Detectives fear the teenagers were killed by a contaminated batch of mephedrone. (src)So in other words, they might have been killed by the contaminants, rather than the mephedrone. We'd better figure out which, before we jerk the knee and ban a harmless substance while leaving a harmful one available for sale, hadn't we?For if the chemical compound mephedrone is not responsible for these deaths, then banning it will do nothing to make it safer. In fact, if it's forced onto the black market, then users will be driven into the arms of pushers who really don't care about keeping the law, rather than being able to buy the drug from suppliers who are concerned to operate within the law and to maintain a reputation for safety. The way to keep mephedrone users safe is to regulate its open sale, and prosecute hard those who peddle dangerously-tampered versions.A final thought: is it just me, or does it seem like drugs policy is basically a tool of political influence for the middle-class and middle-aged to attack the interests of the young and the working class?The LPUK (link) and the IEA (link) both have very sane posts on the same topic.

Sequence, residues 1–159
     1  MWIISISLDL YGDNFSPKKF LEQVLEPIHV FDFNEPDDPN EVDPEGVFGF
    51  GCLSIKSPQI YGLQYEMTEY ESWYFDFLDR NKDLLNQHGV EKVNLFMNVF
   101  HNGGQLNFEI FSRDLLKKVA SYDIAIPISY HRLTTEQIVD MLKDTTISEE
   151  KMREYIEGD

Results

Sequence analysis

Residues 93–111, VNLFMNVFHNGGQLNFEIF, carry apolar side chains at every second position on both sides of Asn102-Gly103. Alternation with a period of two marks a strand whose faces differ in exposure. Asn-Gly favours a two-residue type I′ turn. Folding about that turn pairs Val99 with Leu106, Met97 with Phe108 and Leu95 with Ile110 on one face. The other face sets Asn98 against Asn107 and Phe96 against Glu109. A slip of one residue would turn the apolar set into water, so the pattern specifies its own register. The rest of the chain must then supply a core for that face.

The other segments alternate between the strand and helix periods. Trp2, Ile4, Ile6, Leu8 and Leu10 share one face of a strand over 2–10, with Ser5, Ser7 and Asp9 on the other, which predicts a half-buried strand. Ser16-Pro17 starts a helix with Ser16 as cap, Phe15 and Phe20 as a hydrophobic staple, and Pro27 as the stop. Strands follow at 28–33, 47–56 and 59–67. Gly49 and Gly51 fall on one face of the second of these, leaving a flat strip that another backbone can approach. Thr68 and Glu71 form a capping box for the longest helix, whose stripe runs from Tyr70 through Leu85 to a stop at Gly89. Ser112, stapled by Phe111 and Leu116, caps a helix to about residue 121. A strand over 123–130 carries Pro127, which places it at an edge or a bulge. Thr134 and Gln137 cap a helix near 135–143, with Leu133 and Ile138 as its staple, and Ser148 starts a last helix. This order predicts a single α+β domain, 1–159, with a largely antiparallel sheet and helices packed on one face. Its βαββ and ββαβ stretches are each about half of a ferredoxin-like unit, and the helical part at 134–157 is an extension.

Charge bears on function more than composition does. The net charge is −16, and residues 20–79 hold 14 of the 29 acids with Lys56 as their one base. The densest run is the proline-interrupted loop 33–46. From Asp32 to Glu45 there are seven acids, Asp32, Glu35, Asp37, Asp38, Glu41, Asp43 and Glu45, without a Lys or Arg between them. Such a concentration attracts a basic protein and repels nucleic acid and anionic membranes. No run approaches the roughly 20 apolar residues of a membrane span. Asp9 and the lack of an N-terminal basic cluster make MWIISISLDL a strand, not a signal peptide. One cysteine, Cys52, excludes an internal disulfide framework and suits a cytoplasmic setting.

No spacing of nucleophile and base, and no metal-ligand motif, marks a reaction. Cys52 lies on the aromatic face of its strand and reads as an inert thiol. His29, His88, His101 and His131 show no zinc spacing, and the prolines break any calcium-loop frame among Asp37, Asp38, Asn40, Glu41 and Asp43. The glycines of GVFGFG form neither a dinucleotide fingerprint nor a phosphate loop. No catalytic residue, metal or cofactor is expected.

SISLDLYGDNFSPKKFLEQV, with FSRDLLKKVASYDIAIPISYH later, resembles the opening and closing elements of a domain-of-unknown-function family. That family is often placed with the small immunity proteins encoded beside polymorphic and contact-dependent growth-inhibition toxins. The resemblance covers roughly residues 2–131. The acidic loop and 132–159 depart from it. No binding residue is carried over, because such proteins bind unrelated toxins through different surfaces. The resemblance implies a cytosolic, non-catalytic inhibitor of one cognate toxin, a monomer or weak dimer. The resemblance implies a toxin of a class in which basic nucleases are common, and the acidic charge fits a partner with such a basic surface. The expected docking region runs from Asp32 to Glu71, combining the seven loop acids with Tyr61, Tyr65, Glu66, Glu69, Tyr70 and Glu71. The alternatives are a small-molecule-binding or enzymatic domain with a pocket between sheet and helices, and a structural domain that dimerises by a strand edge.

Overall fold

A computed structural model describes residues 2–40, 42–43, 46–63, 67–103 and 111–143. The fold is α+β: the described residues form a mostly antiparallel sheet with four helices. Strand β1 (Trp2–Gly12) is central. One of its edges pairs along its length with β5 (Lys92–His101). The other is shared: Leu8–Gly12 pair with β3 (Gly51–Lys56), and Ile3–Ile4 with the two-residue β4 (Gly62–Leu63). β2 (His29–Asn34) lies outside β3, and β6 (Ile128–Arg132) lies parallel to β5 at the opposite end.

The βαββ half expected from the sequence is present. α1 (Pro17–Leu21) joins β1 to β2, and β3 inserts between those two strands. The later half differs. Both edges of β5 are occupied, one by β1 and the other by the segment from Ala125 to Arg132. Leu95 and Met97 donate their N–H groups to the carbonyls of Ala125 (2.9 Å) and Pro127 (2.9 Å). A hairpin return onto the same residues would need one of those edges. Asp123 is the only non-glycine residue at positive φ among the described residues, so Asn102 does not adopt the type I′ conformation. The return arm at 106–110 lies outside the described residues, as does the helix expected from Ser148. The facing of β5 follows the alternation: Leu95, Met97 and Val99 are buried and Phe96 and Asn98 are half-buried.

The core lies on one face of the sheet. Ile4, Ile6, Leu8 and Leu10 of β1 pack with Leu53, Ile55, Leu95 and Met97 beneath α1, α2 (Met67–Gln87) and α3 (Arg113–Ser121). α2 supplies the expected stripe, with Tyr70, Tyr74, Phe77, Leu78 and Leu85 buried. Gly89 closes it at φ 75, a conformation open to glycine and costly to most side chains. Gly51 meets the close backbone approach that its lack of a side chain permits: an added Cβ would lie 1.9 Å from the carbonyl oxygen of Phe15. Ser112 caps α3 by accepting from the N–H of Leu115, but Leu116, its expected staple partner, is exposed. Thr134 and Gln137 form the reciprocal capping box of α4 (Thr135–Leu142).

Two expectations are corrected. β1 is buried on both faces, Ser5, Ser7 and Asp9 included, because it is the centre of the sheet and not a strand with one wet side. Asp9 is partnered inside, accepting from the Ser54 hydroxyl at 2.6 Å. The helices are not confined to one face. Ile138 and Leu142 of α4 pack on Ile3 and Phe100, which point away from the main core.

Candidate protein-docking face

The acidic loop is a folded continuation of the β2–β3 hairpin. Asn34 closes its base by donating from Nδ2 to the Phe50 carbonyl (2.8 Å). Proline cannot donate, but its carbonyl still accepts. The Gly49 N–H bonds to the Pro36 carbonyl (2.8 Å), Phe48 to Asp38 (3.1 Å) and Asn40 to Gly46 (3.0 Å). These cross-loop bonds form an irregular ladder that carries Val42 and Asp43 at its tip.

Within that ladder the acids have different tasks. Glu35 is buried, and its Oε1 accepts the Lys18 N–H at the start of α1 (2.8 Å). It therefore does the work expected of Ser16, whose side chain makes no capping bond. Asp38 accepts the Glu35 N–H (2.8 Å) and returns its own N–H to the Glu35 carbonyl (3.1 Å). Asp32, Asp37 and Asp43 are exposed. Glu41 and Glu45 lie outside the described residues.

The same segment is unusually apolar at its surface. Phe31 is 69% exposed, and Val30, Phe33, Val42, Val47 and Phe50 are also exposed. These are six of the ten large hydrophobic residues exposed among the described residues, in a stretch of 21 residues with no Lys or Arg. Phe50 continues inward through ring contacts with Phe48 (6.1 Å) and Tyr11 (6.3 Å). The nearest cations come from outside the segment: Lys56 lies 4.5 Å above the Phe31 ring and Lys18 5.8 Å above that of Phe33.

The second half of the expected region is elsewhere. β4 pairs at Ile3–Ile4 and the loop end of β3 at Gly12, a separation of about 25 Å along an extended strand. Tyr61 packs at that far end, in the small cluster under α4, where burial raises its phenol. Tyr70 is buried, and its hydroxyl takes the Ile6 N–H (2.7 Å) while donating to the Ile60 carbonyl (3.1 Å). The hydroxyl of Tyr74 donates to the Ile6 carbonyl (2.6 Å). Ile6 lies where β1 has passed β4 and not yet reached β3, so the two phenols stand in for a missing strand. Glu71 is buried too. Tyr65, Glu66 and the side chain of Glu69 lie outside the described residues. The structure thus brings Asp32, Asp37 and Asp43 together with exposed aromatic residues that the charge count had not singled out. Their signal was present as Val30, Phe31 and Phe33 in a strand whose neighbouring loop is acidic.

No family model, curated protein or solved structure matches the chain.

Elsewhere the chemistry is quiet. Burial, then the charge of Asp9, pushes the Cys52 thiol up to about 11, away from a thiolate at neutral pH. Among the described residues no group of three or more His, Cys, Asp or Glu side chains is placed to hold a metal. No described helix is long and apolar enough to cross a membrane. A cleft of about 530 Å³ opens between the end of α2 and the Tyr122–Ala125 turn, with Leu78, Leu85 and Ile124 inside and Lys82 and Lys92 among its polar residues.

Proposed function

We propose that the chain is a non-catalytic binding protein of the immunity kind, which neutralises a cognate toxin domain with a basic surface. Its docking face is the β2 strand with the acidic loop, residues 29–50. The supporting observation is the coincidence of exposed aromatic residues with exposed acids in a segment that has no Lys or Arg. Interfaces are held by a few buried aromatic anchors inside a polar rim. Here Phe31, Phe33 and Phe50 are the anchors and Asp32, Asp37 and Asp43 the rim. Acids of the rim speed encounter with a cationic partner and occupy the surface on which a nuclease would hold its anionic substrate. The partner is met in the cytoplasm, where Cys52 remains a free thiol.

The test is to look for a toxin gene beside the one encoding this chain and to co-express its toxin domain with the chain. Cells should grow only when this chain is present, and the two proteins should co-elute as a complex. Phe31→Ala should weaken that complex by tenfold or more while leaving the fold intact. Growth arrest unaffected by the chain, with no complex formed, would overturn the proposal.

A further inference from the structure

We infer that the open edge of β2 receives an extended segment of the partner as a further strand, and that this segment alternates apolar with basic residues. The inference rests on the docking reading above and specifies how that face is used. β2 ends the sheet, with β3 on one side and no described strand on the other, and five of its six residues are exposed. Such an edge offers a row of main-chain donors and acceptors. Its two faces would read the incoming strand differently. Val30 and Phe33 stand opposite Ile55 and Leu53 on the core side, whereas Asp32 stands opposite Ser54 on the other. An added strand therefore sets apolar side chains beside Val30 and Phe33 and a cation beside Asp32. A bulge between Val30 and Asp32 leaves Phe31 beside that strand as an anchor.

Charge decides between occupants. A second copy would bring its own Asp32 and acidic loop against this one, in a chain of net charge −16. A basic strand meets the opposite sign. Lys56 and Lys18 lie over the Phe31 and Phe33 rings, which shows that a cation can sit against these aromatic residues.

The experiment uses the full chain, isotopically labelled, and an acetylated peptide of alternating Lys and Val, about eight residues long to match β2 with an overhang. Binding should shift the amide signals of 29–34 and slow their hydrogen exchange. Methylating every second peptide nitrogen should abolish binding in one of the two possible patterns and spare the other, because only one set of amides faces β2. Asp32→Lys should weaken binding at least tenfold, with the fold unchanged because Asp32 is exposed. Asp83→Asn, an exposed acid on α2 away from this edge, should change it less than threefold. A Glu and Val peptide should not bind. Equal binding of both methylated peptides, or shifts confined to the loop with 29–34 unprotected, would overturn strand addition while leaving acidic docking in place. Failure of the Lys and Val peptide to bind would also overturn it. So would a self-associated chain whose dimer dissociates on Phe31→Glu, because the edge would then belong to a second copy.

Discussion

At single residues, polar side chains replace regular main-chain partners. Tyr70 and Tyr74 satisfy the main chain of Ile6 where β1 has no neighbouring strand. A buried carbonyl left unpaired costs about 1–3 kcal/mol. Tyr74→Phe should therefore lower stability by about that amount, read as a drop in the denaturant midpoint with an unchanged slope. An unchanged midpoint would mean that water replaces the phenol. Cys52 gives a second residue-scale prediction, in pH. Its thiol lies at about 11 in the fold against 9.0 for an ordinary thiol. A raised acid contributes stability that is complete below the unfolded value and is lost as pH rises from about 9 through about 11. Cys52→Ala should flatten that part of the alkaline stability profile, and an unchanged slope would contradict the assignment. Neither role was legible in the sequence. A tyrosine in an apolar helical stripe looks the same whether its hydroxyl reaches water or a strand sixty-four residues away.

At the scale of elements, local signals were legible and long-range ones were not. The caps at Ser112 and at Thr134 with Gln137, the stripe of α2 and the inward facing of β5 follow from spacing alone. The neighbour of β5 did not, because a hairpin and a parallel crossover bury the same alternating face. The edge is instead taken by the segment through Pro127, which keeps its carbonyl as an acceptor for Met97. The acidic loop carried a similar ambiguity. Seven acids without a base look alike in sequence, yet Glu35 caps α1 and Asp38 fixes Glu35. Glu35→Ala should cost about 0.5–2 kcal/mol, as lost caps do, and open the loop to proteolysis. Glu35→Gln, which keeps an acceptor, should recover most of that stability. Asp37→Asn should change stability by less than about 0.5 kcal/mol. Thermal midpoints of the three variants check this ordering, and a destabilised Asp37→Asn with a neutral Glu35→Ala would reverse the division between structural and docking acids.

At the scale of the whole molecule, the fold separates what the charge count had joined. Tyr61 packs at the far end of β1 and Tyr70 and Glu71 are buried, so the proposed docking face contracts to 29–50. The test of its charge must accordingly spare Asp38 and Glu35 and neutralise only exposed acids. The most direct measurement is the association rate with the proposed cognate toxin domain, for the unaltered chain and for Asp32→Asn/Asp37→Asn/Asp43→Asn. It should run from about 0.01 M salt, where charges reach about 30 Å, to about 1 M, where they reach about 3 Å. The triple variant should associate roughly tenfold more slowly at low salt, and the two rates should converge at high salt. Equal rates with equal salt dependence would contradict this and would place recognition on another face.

Wednesday, March 17, 2010
Of the banning of many drugs there is no end
And much knee jerking wearies the body. Chris Dillow at Stumbling and Mumbling has an interesting post commenting on the wider social phenomenon of the 'Ban it now!' tendency (link).I'd like to focus very particularly on the specifics of the sad deaths which have grabbed the headlines. The Telegraph reports,